At the risk of sounding like a bad joke, what does an 85-year-old Pope and a 32-year-old CEO of a dot-com startup have in common? Answer: Both were replaced last month. While Pope Benedict XVI and Andrew Mason, former CEO of Groupon, make an odd comparison, their change in job status played out before our eyes on different blogs and on different pages in the same daily newspaper.

Both men are amazing and I would not criticize either. But for one interested in leadership, I see volumes of lessons to be learned when comparing their radically different organizations and what each organization needs from its leader.

One thing is clear, the need for good leadership cuts across every organization, regardless of its age, politics, religious beliefs, or reason for being. To succeed and sustain itself, each organization needs to have the right leader at the right time. Savvy organizations, and those with 2000 years of history on their side, have clear processes in place and a large talent pool of future leaders.

But on an individual level, if you are currently managing a company or a department, what does it mean to you to be a good, if not great, leader? To help with that answer, I stumbled across an article in an old Harvard Business Review, written in 1990 by leadership guru John P. Kotter. What Leaders Really Do  provides a clear description of the difference between leading and managing.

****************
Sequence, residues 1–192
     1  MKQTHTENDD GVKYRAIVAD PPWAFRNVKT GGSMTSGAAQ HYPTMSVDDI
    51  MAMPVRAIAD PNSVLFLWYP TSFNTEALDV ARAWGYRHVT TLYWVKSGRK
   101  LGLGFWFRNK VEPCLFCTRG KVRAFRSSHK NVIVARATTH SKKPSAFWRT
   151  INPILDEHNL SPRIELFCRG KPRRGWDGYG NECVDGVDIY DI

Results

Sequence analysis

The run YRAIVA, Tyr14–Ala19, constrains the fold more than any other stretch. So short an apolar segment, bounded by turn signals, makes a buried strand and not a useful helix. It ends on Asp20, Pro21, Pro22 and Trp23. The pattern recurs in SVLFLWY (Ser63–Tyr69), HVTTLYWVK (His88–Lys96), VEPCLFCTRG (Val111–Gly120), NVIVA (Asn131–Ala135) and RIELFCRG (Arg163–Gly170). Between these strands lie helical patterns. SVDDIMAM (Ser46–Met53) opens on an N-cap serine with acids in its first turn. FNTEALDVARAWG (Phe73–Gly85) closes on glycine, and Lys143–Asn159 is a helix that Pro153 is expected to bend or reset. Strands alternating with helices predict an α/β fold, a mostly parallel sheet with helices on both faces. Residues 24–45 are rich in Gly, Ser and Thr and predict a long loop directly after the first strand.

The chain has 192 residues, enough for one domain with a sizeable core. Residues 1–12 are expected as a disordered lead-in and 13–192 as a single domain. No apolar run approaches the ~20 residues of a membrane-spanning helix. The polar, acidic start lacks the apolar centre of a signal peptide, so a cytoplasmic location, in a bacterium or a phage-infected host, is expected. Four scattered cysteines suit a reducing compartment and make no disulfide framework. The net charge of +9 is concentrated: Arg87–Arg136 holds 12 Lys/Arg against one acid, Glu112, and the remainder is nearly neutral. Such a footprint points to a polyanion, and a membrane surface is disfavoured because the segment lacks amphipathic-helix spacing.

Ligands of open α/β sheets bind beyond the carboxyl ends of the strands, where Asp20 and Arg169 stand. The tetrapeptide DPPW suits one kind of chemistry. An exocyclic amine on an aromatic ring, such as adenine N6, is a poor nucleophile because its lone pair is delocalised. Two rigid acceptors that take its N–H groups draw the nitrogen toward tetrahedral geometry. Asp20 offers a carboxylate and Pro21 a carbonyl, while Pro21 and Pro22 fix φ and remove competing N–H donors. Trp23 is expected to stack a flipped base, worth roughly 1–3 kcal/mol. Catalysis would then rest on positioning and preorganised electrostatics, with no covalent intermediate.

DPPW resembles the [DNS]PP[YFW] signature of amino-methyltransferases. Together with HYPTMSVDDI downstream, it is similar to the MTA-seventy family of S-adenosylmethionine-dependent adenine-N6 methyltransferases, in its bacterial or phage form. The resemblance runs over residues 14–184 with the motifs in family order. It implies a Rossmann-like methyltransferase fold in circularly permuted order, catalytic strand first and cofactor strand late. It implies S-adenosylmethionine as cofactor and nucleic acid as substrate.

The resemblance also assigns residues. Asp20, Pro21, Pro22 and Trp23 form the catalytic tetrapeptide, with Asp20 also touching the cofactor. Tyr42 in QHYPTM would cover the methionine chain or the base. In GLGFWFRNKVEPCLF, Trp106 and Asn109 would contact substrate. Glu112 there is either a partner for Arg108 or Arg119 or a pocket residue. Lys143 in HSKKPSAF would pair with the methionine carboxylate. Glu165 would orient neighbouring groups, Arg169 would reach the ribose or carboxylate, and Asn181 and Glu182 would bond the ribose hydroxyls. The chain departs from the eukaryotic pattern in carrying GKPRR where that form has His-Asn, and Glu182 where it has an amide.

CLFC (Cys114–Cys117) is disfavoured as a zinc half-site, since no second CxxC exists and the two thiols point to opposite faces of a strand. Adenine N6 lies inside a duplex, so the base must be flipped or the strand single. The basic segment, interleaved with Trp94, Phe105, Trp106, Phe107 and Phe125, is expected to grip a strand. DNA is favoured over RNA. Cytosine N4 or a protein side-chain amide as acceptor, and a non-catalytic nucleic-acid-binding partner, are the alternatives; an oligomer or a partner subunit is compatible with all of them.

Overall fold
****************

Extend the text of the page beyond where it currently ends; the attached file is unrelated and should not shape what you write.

To quote Kotter: “Management is about coping with complexity. . . Leadership, by contrast, is about coping with change.” Leadership, Kotter explains, is setting a direction that takes into account the emotional and human needs of your organization and its customers or constituents as opposed to planning and budgeting. “What leaders really do,” Kotter writes, “is prepare organizations for change and help them cope as they struggle through it.”

As a leader of your company or department, you will need to inspire, and manage tasks. The challenge is to understand what’s needed more at a particular time — vision or organization. Over time, you’ll need to do both well if you want to grow and move forward. If you have mastered one, you’re halfway there. If you’re weak in one area, tap into someone who can compliment you. If you cannot do either well, you need to demonstrate the historic courage of Pope Benedict XVI and step aside.